Extra Extra : Government (federal/state/local)

Athletes, teams donate big to political campaigns

An investigative team analyzed thousands of financial records from federal, state and local elections and discovered how sports teams, owners and athletes are contributing to political campaigns.

The 10 Investigates team from Tampa Bay and Sarasota’s 10 News found that many of the area’s major teams have contributed political funds – usually toward the state’s dominant party. The experts they interviewed suggest the money is seen as an investment to tip legislators toward passing stadium-friendly legislation.

To read and watch the full story, click here.

Extra Extra Monday: Uneven assessments, National Guard misconduct, Chicago migration myth

Across Wisconsin, uneven property assessments fly in the face of fairness | Milwaukee Journal Sentinel

By measure after measure, in cities, towns and villages across Wisconsin, property assessors are discounting uniformity and trampling on fairness, while officials with the state Department of Revenue do little to rectify the disparities, an investigation by the Milwaukee Journal Sentinel has found.

In dozens of communities, 20% or more of residential property taxes are being paid by the wrong people, according to the Journal Sentinel's analysis of Department of Revenue records for each of the state's 1,852 municipalities. The analysis considered communities ...

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Water officials in California refuse to follow own conservation rules

In Southern California, a region in severe drought, many cities have passed rules on water usage per household per day. While the average water usage in a single-family home is now using 361 gallons per day, water conservation advocates on city councils haven’t been following their own regulations. Mike Soubirous, a Riverside City Council member who voted for new, strict rules in July, used over a million gallons in his home last year, nearly ten times the amount of the average family.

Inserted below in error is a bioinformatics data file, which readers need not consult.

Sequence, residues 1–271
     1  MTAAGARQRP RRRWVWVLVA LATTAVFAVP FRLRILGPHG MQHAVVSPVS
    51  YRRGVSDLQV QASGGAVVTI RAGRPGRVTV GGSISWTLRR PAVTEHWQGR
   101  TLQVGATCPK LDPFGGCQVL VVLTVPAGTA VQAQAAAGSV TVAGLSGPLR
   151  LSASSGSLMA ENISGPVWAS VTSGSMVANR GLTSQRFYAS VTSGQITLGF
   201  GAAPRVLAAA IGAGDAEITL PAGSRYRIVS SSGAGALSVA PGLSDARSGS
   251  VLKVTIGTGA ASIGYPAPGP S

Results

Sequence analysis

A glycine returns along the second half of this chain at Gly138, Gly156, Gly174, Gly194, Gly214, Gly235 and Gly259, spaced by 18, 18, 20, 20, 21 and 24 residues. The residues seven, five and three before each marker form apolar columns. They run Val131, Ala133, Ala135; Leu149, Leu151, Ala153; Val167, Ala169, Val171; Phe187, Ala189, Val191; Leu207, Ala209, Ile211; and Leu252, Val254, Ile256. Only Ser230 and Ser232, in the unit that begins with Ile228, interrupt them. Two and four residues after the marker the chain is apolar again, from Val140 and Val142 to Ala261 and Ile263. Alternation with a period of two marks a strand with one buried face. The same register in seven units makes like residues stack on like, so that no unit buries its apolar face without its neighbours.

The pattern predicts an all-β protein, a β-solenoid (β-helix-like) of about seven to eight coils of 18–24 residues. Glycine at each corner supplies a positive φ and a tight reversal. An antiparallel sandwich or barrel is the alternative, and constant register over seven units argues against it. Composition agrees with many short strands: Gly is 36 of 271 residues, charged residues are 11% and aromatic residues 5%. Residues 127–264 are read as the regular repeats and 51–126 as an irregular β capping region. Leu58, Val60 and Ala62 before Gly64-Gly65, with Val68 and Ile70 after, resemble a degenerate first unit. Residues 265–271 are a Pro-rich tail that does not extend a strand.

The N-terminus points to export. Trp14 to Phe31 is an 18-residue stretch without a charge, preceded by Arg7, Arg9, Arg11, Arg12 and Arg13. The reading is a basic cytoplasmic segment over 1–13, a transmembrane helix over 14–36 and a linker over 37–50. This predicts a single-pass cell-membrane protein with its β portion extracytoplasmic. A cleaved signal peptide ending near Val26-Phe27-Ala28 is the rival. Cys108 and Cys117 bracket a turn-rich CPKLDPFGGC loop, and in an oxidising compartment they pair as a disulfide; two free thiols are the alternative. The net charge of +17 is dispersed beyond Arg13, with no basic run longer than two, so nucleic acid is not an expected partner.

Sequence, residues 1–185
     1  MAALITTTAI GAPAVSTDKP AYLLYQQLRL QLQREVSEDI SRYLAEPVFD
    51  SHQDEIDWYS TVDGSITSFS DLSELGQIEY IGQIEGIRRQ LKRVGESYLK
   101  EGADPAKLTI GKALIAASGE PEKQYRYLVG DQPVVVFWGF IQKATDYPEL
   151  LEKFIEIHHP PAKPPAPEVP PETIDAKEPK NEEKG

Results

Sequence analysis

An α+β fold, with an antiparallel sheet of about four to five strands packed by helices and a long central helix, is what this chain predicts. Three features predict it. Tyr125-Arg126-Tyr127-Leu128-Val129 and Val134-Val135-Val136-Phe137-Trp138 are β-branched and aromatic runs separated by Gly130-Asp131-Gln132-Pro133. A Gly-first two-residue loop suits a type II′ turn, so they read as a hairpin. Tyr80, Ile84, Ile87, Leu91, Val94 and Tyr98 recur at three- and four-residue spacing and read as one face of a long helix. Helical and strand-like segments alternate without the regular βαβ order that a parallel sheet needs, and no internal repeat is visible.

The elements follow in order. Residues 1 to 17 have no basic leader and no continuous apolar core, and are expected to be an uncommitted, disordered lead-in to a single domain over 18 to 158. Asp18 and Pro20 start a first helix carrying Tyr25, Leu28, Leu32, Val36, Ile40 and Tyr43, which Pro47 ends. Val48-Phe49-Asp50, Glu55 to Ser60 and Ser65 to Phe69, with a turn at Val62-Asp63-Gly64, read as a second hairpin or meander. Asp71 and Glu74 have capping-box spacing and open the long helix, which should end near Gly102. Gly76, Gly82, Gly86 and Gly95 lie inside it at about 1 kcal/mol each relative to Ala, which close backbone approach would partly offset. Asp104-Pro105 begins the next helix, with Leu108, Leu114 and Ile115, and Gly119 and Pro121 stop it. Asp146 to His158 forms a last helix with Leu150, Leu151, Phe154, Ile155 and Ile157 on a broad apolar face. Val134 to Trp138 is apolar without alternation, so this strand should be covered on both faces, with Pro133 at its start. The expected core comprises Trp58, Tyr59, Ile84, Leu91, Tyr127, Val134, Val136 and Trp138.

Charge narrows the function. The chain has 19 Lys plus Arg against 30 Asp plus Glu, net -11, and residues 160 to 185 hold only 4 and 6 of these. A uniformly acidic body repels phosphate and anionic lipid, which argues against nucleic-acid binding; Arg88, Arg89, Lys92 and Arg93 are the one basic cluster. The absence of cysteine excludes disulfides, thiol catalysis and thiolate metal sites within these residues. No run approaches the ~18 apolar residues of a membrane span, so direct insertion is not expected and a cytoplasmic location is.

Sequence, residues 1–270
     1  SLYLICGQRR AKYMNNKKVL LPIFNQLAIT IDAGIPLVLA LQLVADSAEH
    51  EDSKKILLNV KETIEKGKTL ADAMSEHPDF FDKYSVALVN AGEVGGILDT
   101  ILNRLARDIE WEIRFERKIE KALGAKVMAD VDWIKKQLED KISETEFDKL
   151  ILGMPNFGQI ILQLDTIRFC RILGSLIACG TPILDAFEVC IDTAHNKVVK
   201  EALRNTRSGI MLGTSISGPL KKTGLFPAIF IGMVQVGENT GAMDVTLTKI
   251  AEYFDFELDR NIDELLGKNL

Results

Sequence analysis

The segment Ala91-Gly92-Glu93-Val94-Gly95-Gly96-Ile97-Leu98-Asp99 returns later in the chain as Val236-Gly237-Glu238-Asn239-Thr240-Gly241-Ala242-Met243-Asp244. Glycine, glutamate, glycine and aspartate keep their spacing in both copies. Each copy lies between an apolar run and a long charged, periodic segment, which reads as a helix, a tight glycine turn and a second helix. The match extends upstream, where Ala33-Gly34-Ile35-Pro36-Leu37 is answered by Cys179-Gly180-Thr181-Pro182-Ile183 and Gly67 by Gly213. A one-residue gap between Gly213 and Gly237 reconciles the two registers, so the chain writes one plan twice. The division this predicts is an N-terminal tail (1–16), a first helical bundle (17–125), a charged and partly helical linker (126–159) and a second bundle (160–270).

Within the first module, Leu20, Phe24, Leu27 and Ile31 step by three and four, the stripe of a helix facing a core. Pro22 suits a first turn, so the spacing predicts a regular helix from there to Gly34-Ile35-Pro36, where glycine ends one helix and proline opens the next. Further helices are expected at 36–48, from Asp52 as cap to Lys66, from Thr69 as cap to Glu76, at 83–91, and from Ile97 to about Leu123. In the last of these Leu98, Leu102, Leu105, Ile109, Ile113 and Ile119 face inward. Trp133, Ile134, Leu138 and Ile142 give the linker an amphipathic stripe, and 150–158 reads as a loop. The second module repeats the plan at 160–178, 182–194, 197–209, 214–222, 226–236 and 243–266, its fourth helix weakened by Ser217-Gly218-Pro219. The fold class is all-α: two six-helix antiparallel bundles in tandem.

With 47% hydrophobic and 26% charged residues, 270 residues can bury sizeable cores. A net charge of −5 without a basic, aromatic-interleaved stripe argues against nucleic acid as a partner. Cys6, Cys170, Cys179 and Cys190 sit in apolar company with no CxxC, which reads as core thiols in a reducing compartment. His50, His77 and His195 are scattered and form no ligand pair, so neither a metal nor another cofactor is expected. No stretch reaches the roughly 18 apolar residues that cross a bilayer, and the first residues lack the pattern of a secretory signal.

Soubirous is far from alone. According to The Center for Investigative Reporting, 25 other officials in similar ...

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Records show mistakes, questionable evidence in woman's overturned murder case

In light of the recent exoneration of Michelle Murphy, who spent 20 years in prison on a wrongful conviction for killing her baby, the Tulsa World investigated the elements that led to Murphy's 1995 conviction in the first place.

The investigation shows the state of Oklahoma relied on faulty blood analysis, the dubious testimony of a troubled 14-year-old neighbor and an unrecorded, incriminating statement to convict Murphy. All three elements were so problematic they should have been challenged in court. Also, jurors never heard other evidence that might have given them reasonable doubt about convicting Murphy.

To read the ...

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Judge 'sickened' by abuse program's failures

Minnesota law mandates that child-protection agencies investigate child abuse cases with evidence of egregious harm and substantial endangerment. Yet since 2005, more than 20,000 cases of children deemed at “high risk” for more abuse have been routed to family assessment, in which social workers don’t investigate the cases and instead try to work with families.